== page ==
Relevant Magazine has been a go-to site of mine for years, and one post in particual caught my attention. I read the post and got enough out of it I thought I’d share a few of his points. The writer of the post said there are are five traits of innovative leaders and the first was that they learn to follow first. Not to come across as a college writer crafting a paper (it is summer so I’ll try to get away from that feel!) but I have to say I agreed with his point. If a leader can’t follow he/she probably should not be in a position of leadership. By this I do not mean “follow the crowd” or bend under any pressure to change a course of action, but rather to follow those who are a little farther down the road and in respected leadership.
The second point was to find a mentor. No matter the stage of life we are at, learning should never cease. Right now for me that comes through learning from my parents, other adults I trust and respect and that have proved taking the right actions steps pay off, and reading first-hand stories of people that are closer to where I want to be. “Doing life” with those who are older and more mature than I am opens my eyes to different and better ways of accomplishing my goals in life. Numerous times a month I try to purposefully spend time with those who have matured through making right decisions and learn from their leadership.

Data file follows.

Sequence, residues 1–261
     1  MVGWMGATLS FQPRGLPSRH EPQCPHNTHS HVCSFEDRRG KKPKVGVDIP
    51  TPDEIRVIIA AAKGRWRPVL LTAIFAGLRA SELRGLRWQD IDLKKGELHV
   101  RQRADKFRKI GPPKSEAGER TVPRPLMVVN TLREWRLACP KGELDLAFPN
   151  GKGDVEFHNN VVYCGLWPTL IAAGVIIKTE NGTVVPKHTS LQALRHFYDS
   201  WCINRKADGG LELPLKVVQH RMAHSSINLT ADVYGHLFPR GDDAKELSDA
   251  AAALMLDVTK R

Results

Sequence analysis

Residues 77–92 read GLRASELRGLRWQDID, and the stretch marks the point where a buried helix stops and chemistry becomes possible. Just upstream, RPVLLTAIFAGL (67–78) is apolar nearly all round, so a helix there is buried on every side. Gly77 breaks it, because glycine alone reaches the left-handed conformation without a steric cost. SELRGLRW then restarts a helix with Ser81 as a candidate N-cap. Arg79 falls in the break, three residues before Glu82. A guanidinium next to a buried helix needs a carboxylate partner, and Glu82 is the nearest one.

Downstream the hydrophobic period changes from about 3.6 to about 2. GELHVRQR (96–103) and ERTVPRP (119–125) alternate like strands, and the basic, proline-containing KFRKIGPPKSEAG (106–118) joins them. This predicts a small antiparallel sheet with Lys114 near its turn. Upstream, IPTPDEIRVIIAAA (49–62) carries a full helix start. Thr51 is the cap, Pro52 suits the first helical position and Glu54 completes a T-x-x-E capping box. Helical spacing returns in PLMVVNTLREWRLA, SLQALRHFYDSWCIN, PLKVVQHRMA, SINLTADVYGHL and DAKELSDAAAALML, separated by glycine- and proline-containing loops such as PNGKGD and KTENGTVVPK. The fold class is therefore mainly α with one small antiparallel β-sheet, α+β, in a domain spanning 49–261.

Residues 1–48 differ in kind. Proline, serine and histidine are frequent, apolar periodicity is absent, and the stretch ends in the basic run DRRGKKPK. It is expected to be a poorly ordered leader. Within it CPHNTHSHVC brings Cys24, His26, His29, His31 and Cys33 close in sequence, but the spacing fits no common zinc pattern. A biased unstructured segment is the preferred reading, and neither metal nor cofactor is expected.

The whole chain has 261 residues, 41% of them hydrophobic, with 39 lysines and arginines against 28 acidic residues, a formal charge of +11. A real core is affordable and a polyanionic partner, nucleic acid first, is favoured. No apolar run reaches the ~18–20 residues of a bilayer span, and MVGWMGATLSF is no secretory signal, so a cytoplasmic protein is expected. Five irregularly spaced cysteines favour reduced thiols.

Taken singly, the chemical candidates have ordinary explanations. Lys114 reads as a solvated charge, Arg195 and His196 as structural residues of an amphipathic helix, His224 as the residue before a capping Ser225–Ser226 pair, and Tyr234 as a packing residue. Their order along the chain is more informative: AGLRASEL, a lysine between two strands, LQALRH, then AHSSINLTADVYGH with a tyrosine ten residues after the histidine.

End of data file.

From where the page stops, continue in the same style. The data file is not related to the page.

An innovative leader finishes what they start, Relevant stated. This may seem obvious to some, but its importance should not be diminished. Whether its finishing that degree I know I need to claim, completing my workout routine when I just want to quit, or even working through the last chapters of a book I’ve been working through for what seems like forever, finishing what is begun is a habit that’s important to form. Finishing what is started is also biblical. God promises to complete what He has started in us and for that I am more than thankful!
“Decide who you want to be and act accordingly.” This was perhaps one of the points that stuck out to me the most. It seems that being “true to self” and the fad to “be yourself” has not only gone overboard but also been engrained into our young minds. I was recently watching an interview with a celebrity’s parents, who said they were just so happy their daughter had remained “true to herself.” That’s a great thing to say about someone. But it means they haven’t changed.
I used to think pretending to be something I wasn’t was dishonest in a way. After all, I was no longer being “true to myself,” right? But just like good habits, sometimes actions have to be forced and coerced. This is not a bad thing, it simply means we are working to become the person we one day hope to be.
When I look back on my life one day and notice what I've struggled to accomplish I don't want to see a string of actions that ended in my being at the same place I started. Rather, I hope to one day look back and see an uphill struggle, paved with God's grace. A struggle I took not to be true to myself, but to be true to my God, and a struggle to lead others to do the same.